Five years ago my weight gain was due to my Thyroid Gland..What is the thyroid gland and how does it function? Can this gland in men and women really make you gain/loss weight? Then why can't we take additional medication to lose more? All these questions I will explain in detail, it really is important to know how and why your thyroid gland operates.
The butterfly-shaped thyroid gland, located in the lower front of the neck, makes thyroid hormone, which in turn goes into the bloodstream and the rest of the body, helping it to use energy, stay warm, and function properly. A simple blood test measures your TSH levels. A high TSH level reflects an underactive gland; a low TSH usually reflects hyperactivity. Commonly referred to as Hyper and Hypo,
Because patients with an underactive thyroid tend to have a very low basal metabolic rate, one of the most noticeable symptoms of hypothyroidism is weight gain and difficulty losing extra weight. (Sometimes an overactive thyroid can mimic an underactive thyroid by causing weight gain, although this is less common.) A minority of women with hypothyroidism don’t gain weight. The difference arises from their individual biochemistry, the quality of the calories they consume, and how they use those calories.
Often the “metabolic burn” continues to fall as calories are reduced when dieting. That’s why some women with low thyroid can have weight gain even when they severely restrict calories. In order to fix your metabolism, you have to understand your entire health picture, not just your thyroid.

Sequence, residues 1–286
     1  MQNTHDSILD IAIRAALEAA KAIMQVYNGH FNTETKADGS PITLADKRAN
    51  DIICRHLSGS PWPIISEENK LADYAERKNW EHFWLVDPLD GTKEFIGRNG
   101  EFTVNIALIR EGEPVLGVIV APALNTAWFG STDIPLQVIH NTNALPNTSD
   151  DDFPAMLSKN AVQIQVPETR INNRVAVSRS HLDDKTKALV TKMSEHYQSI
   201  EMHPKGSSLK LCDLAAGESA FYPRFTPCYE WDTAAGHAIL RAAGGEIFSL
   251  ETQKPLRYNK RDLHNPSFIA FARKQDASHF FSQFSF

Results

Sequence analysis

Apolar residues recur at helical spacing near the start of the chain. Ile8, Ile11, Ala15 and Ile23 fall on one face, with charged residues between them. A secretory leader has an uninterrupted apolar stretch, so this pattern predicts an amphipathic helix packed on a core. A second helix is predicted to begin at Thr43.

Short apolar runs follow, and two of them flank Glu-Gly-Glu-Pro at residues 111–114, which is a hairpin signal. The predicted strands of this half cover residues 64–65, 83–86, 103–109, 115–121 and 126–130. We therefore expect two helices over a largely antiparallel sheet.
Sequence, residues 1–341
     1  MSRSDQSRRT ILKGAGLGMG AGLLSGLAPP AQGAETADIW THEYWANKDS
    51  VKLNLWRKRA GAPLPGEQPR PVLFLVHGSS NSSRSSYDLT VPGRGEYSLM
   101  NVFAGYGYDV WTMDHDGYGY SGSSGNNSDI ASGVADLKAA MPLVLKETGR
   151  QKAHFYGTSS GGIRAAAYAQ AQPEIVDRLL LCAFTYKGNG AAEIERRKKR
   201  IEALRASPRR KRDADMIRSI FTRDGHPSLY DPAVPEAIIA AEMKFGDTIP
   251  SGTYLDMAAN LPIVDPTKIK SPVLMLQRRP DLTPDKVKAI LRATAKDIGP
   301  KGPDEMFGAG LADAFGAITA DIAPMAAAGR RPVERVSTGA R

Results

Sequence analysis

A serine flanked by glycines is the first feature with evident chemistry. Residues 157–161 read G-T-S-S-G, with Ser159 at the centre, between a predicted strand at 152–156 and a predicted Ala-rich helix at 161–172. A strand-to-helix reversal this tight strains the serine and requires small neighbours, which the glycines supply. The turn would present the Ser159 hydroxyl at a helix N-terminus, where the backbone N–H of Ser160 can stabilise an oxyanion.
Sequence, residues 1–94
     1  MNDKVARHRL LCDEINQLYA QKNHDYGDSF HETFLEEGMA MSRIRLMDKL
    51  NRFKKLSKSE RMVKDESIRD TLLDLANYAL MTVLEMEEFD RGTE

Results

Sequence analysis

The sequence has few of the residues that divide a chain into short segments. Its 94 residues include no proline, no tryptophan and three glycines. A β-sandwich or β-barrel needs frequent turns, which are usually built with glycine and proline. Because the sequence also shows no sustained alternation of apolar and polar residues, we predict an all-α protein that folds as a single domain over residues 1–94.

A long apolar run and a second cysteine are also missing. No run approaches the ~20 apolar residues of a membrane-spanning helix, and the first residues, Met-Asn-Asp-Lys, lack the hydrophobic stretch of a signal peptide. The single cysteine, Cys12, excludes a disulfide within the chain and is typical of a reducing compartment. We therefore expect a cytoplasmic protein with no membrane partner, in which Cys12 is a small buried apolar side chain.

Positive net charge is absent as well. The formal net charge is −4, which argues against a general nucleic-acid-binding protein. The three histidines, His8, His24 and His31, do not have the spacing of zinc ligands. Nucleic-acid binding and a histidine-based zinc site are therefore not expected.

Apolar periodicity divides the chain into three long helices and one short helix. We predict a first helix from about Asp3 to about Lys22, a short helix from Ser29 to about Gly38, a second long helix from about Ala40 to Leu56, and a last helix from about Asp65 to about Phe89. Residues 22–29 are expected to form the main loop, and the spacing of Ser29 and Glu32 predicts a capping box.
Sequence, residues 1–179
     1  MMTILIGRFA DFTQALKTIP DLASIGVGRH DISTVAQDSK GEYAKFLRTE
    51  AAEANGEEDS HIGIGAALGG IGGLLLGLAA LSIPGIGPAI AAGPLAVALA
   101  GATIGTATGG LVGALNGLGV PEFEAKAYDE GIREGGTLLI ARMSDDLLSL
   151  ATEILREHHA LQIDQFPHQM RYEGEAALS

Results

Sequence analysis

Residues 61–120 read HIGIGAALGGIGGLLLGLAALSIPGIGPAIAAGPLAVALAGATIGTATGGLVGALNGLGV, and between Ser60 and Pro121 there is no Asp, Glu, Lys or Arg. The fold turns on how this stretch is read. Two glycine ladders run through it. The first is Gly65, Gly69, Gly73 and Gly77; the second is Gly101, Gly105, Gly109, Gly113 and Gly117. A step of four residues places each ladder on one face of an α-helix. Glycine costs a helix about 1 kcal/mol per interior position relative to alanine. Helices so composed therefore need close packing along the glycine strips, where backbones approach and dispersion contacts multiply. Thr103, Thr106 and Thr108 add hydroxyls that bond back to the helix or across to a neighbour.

Goiter is usually associated with hypothyroidism, which is decreased thyroid function that leads to slower metabolism, fatigue, weight gain, sluggishness, dry hair, thick skin, poor mental functioning, decreased resistance to infection, a feeling of coldness, and a decrease in sexual energy. More advanced hypothyroidism may worsen these symptoms as well as create a hyperactive, manic state and hypertension, which is paradoxical because this may occur with an overactive thyroid as well.
Since much of the weight gain in hypothyroidism is accumulation in salt and water, when the hypothyroidism is treated one can expect a small (usually less than 10% of body weight) weight loss. As in the treatment with hyperthyroidism, treatment of the abnormal state of hypothyroidism with thyroid hormone should result in a return of body weight to what it was before the hypothyroidism developed. However, since hypothyroidism usually develops over a long period of time, it fairly common to find that there is no significant weight loss after successful treatment of hypothyroidism. Again, if all of the other symptoms of hypothyroidism, with the exception of weight gain, are resolved with treatment with thyroid hormone, it is less likely that the weight gain is solely due to the thyroid. Once hypothyroidism has been treated and thyroid hormone levels have returned to the normal range on thyroid hormone, the ability to gain or lose weight is the same as in individuals who do not have thyroid problems.
Thyroid hormones have been used as a weight loss tool in the past. Many studies have shown that excess thyroid hormone treatment can help produce more weight loss than can be achieved by dieting alone. However, once the excess thyroid hormone is stopped, the excess weight loss is usually regained. Furthermore, there may be significant negative consequences from the use of thyroid hormone to help with weight loss, such as the loss of muscle protein in addition to any loss of body fat. Pushing the thyroid hormone dose to cause thyroid hormone levels to be elevated is unlikely to significantly change weight and may result in other metabolic problems.